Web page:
SRC Grand Finalists 2010


First Place:
Patrick Kelley - Carnegie Mellon University
    Title of Submission: A “Nutrition Label” for Privacy

Second Place:
Michal Tvarozek  - Slovak University of Technology
   Title of Submission: Personalized Exploratory Search in the Semantic Web

Third Place:
Tae-Joon Kim 
  Title of Submission: RACBVHs: Random-Accessible Compressed Bounding Volume Hierarchies


First Place:
Manasi Vartak - Worcester Polytechnic Institute
Grace Hopper 2009
  Title of Submission: QueryOriented Relaxation for Cardinality Assurance

Second Place:
Diego Cavalcanti - Federal University of Campina Grande
  Title of Submission: Improving Safety When Refactoring AspectOriented Programs 

Third Place:
Eric Drewniak - Wheaton College
  Title of Submission: Unsupervised Discovery of Motifs Under Uniform Amplitude Scaling and Shifting in Time Series Databases

ACM Case Studies

Written by leading domain experts for software engineers, ACM Case Studies provide an in-depth look at how software teams overcome specific challenges by implementing new technologies, adopting new practices, or a combination of both. Often through first-hand accounts, these pieces explore what the challenges were, the tools and techniques that were used to combat them, and the solution that was achieved.

Edge Computing

ACM Queue’s “Research for Practice” is your number one resource for keeping up with emerging developments in the world of theory and applying them to the challenges you face on a daily basis. RfP consistently serves up expert-curated guides to the best of CS research, and relates these breakthroughs to the challenges that software engineers face every day. In this installment of RfP is by Nitesh Mor, a PhD candidate at UC Berkeley working on the next generation of globally distributed computer systems with a special focus on data security and privacy. Titled “Edge Computing,” this RfP gives an overview of some of the most exciting work being done in the area of computing infrastructures and applications. It provides an academic view of edge computing through samples of existing research whose applications will be highly relevant in the coming years.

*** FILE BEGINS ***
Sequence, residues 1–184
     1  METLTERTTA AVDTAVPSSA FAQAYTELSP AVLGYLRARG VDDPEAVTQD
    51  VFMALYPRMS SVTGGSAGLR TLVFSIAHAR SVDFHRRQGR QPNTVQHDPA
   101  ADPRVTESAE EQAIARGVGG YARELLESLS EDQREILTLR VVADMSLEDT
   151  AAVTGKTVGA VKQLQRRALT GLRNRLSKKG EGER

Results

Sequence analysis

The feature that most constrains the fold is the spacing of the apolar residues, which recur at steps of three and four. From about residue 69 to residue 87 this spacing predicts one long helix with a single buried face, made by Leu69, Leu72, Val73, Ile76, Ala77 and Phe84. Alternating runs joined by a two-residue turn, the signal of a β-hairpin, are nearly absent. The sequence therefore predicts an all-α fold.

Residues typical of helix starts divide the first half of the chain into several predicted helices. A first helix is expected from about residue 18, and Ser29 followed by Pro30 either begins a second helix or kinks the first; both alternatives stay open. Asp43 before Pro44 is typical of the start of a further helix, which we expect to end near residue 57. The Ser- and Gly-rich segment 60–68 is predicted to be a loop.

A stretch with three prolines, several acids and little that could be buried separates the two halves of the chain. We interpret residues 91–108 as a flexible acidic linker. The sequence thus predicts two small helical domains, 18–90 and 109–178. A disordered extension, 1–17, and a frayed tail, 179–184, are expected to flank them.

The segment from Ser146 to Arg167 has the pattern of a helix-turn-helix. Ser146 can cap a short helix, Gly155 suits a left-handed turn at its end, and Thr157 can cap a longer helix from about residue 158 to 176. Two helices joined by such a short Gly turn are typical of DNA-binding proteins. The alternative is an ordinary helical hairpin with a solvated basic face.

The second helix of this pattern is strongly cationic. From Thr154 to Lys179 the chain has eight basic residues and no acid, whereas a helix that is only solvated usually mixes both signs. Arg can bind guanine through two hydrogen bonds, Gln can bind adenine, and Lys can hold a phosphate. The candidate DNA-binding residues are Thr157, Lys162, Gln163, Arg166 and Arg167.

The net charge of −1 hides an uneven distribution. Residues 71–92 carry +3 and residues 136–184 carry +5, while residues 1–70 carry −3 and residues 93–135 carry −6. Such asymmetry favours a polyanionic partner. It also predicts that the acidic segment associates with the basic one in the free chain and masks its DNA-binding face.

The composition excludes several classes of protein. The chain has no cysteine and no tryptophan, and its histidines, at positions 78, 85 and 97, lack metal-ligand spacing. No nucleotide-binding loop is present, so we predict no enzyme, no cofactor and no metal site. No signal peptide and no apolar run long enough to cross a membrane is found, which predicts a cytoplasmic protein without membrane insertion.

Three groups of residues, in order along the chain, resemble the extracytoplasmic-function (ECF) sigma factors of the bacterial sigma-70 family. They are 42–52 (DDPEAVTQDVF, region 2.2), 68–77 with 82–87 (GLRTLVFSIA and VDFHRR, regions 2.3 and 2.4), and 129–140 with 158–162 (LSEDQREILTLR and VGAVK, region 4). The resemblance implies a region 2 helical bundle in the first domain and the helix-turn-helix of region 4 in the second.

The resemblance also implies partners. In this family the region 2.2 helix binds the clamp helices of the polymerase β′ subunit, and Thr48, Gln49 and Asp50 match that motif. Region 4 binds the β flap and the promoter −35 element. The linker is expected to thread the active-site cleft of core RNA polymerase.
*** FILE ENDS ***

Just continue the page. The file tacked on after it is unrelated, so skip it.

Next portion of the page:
Why I Belong to ACM

Hear from Bryan Cantrill, vice president of engineering at Joyent, Ben Fried chief information officer at Google, and Theo Schlossnagle, OmniTI founder on why they are members of ACM.